1

Background

I once witnessed this conversation between two software engineers.. something like: eng1: I just gave you the api eng2: are the results deterministic when I enter key i?

I'm not sure if the term was deterministic, although its definition online makes sense:

In mathematics and physics, a deterministic system is a system in which no randomness is involved in the development of future states of the system. A deterministic model will thus always produce the same output from a given starting condition or initial state.

Question

I have an engineer who gave me a piece of code that generates random results (ie of how a website behaves as it receives requests). I want to instruct him to provide me a command or instructions that can make the site behave in a deterministic way.. ie when I gave a site instruction A, I will only get result B and nothing but result B.

I don't feel like the term deterministic is right here.. since it's describing a system as a whole.. I want it to apply more specifically to action A causing action B and nothing but action B

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I initially wanted to write a double suggestion, static and fixed. However, this would also imply that the output doesn't change based on any parameters, not even the parameters supplied by you.

When I considered what you're looking for, you're basically asking if there are other external factors that influence the result of your query.

As a software developer, I've never come across a single word (other than "deterministic") which encapsulates everything while also not implying that the result never changes (as is the case with both "static" and "fixed")


If you want a single word...

Deterministic seems to be exactly what you want. From the definition you've supplied:

A deterministic model will thus always produce the same output from a given starting condition or initial state.

To put it into software terms, the same parameters will always yield the same result, though different parameters may (and probably will) lead to different results.

This is further proven by the fact that a deterministic algorithm is an established concept in software development:

In computer science, a deterministic algorithm is an algorithm which, given a particular input, will always produce the same output, with the underlying machine always passing through the same sequence of states. Deterministic algorithms are by far the most studied and familiar kind of algorithm, as well as one of the most practical, since they can be run on real machines efficiently.


A pedantic counterargument (two, actually)

Pedantic counterargument 1
You could argue that "yielding the same results" is not the same as "yielding the same results and passing through the same sequence of states" (as a counterexample to the latter, consider a load-balanced or asynchronous service, which may use different CPUs or different servers every time), but this seems to be a pedantically unnecessary distinction to make.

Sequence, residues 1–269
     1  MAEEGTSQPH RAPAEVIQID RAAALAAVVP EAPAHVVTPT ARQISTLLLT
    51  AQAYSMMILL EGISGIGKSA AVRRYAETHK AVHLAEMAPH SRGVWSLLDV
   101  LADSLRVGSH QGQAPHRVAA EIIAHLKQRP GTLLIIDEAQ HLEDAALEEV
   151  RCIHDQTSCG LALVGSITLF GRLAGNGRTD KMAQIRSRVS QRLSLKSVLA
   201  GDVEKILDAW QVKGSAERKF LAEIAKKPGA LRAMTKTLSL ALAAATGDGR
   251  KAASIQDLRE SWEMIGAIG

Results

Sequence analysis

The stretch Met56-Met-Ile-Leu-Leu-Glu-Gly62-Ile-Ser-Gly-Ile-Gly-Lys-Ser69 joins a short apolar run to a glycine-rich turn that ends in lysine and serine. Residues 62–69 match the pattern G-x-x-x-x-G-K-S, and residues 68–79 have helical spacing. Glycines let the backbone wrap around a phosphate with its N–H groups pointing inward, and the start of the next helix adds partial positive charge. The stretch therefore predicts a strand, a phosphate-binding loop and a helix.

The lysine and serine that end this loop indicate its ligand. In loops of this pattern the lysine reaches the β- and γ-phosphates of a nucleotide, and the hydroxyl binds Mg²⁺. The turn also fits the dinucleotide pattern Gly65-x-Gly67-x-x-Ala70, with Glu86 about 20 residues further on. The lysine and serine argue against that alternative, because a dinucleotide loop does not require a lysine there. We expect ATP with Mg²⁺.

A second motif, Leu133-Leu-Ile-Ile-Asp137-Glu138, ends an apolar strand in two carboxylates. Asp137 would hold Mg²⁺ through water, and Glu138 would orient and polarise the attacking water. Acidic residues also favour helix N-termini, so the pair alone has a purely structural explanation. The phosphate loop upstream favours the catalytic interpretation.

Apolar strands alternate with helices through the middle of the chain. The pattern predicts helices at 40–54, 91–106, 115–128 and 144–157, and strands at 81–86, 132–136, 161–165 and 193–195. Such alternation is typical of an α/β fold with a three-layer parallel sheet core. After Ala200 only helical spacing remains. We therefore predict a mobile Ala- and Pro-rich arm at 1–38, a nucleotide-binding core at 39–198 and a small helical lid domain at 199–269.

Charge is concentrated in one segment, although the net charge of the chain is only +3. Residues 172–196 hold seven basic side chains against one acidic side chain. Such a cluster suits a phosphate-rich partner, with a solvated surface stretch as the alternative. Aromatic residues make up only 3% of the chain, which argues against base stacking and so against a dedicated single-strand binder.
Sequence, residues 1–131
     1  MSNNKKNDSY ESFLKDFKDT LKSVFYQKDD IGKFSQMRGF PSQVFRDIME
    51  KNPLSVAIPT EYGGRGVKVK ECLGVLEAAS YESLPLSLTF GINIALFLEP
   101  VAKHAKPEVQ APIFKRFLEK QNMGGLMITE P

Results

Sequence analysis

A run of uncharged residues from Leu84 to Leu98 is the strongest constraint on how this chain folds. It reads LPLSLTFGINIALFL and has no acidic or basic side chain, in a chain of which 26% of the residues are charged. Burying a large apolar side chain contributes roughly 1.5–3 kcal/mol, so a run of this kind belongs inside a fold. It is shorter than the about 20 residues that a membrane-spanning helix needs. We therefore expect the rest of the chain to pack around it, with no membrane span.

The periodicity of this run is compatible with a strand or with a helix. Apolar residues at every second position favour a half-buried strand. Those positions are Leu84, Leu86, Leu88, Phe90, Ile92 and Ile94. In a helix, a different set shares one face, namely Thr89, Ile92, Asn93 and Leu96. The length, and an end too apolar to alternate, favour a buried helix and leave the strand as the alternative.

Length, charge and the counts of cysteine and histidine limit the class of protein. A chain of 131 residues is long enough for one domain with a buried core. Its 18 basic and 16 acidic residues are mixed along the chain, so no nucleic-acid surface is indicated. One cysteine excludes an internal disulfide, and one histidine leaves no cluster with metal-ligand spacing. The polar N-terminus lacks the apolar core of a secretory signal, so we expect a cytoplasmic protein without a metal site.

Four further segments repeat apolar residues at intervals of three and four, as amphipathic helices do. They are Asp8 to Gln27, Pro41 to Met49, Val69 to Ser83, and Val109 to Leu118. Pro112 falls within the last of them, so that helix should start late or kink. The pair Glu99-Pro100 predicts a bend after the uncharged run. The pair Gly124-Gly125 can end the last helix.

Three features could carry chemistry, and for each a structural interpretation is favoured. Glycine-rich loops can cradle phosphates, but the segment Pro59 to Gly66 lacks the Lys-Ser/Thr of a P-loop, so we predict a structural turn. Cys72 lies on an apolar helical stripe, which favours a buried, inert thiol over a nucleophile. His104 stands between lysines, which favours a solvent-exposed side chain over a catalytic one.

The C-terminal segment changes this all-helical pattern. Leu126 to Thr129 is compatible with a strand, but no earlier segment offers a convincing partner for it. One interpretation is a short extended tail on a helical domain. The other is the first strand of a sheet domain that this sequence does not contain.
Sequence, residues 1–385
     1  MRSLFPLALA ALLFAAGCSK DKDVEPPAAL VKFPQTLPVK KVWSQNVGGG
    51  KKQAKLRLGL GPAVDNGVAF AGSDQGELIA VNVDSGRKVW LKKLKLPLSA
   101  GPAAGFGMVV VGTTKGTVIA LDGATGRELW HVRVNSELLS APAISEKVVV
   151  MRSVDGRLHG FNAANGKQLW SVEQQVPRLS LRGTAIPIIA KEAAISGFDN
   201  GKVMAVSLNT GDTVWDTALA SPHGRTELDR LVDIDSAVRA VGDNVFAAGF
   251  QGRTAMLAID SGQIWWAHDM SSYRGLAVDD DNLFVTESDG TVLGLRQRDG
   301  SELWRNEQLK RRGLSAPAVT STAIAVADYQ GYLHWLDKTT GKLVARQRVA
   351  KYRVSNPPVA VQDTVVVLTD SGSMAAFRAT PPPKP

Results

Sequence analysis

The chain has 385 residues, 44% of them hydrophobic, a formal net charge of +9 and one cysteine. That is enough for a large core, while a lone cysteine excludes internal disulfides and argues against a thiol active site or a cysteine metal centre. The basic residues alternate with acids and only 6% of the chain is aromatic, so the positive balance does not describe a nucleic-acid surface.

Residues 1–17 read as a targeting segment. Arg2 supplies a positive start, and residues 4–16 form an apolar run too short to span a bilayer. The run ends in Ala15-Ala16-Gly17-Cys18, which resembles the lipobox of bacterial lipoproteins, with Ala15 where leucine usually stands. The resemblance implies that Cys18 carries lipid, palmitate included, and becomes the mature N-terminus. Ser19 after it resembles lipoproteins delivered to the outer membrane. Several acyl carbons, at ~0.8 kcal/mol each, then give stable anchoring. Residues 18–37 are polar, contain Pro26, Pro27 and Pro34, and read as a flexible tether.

Pedantic counterargument 2
You're talking about using an API. Odds are that you're talking about the retrieval of data (e.g. fetching someone's Facebook posts). Such a process is inherently not deterministic, in the sense that every yielded result is only correct at the time it is yielded.

Is the API call that returns Facebook posts (for a given user ID) deterministic?

  • You could say yes, because the call will always return the posts of the person that was supplied.
  • You could say no, because this person's posts get added to over time. If you make an API call today and tomorrow, and that person has made new posts inbetween those two calls, then the results will be different.

But as I said, I think this is a pedantic counterargument. From your question body, I infer that you are focusing on the existence of uncontrollable external factors, not whether the results can change over time (for the same parameters).


If you want to communicate with this engineer...

Instead of trying to encapsulate this meaning in a single word, why not use a sentence?
If you're already struggling to find an appropriate word, don't you think that the engineer is going to struggle with understanding all the intricacies of the word you've used?

Are the results influenced by anything other than the parameters I've supplied?

If you're expecting to talk about this topic with him in the future, you can introduce "deterministic" here:

Are the results deterministic? I.e. are they only influenced by the parameters I've supplied, and not by anything else?

This way, you've made sure that the engineer understands what you mean by "deterministic", you're on the same page about the word's meaning in this context, and you can then use the word freely (in communication with him, probably not his colleagues).

  • +1 If only for the problem of condensing a potentially complex meaning into a single word that might then be misconstrued. – TripeHound Sep 20 '17 at 10:23

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